The 2023 United Nations Climate Change Conference, COP 28, concluded this week with significant commitments by the international community to address the climate change challenges. The headline from the United Nations Framework Convention on Climate Change (UNFCCC) Secretariat* is “COP28 Agreement Signals “Beginning of the End” of the Fossil Fuel Era.”
According to the agreements made at this COP, everyone, including governments, companies, institutions, and individuals (from all countries), should seriously go home and plan how to move away from our dependence on fossil fuels. And this needs to happen “for real” in a fast, just, and equitable way. Despite the skepticism, and feelings that “it is not enough,” that may emerge and with good reasons, we should acknowledge the historic achievement on the agreement to transition away from fossil fuels in energy systems. Clearly, this “way without return” of undergoing an energy transition greatly depends on new technologies and financing, as well as economic interests and power.
In any case, it seems that indeed there is a collective understanding that “We stand at a critical moment in Earth’s history, a time when humanity must choose its future,” as stated in the Earth Charter’s Preamble. However, not all have a shared understanding that this cannot be done without materializing the principle of “Common but Differentiated Responsibilities,” a principle within the 1992 UN Framework Convention on Climate Change that acknowledges the different capabilities and differing responsibilities of individual countries in addressing climate change. And in the Earth Charter, we find this principle articulated as “with increased freedom, knowledge, and power comes increased responsibility to promote the common good.” (principle 2b).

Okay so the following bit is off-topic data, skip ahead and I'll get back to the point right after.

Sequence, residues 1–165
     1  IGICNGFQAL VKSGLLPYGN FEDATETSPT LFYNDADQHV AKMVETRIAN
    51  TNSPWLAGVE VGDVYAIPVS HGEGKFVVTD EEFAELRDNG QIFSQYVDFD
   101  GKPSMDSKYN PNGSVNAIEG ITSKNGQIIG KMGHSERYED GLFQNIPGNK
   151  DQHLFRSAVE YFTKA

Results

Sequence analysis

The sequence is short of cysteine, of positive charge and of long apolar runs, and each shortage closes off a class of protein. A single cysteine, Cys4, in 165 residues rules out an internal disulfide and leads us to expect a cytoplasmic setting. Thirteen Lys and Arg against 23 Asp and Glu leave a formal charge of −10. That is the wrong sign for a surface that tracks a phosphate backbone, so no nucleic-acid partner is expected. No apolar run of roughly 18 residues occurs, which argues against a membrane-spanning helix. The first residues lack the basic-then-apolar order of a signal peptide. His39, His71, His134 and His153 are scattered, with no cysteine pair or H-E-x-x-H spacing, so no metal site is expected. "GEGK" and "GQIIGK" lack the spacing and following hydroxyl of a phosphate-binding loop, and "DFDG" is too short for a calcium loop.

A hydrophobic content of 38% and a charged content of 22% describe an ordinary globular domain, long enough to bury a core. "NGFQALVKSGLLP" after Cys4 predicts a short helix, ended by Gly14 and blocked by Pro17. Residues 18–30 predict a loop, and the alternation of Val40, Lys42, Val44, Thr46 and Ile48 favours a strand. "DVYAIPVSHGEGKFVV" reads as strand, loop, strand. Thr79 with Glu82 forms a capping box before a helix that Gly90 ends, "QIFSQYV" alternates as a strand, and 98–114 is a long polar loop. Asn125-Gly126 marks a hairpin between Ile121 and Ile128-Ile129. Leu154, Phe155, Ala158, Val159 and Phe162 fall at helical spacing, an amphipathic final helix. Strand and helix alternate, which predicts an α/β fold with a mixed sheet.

Turning conscience into action to address climate change means all of us (as individuals, institutions, countries and global community) need to look at:
- The energy we consume.
- The waste we generate.
- The food we eat, the way we build our houses, and anything we consume.
- The knowledge and power we have through our decisions to mitigate the impact.
- Our capacity to adapt and help others.
COP28 marked the conclusion of the first Global Stocktake, a comprehensive assessment of the progress made in achieving the goals of the Paris Agreement. Hence, it was key to come up with a clear plan of action, including measures that need to be put in place to bridge the gaps in progress. So, governments adopted a decision on “the first Global Stocktake under the Paris Agreement, which recognizes the need for deep, rapid, and sustained reductions in greenhouse gas (GHG) emissions in line with 1.5°C pathways. It encourages parties to come forward in their next nationally determined contributions with ambitious, economy-wide emission reduction targets, covering all GHGs, sectors and categories and aligned with limiting global warming to 1.5°C” (IISD/ENB). According to the Earth Negotiations Bulletin, highlights of this agreement include: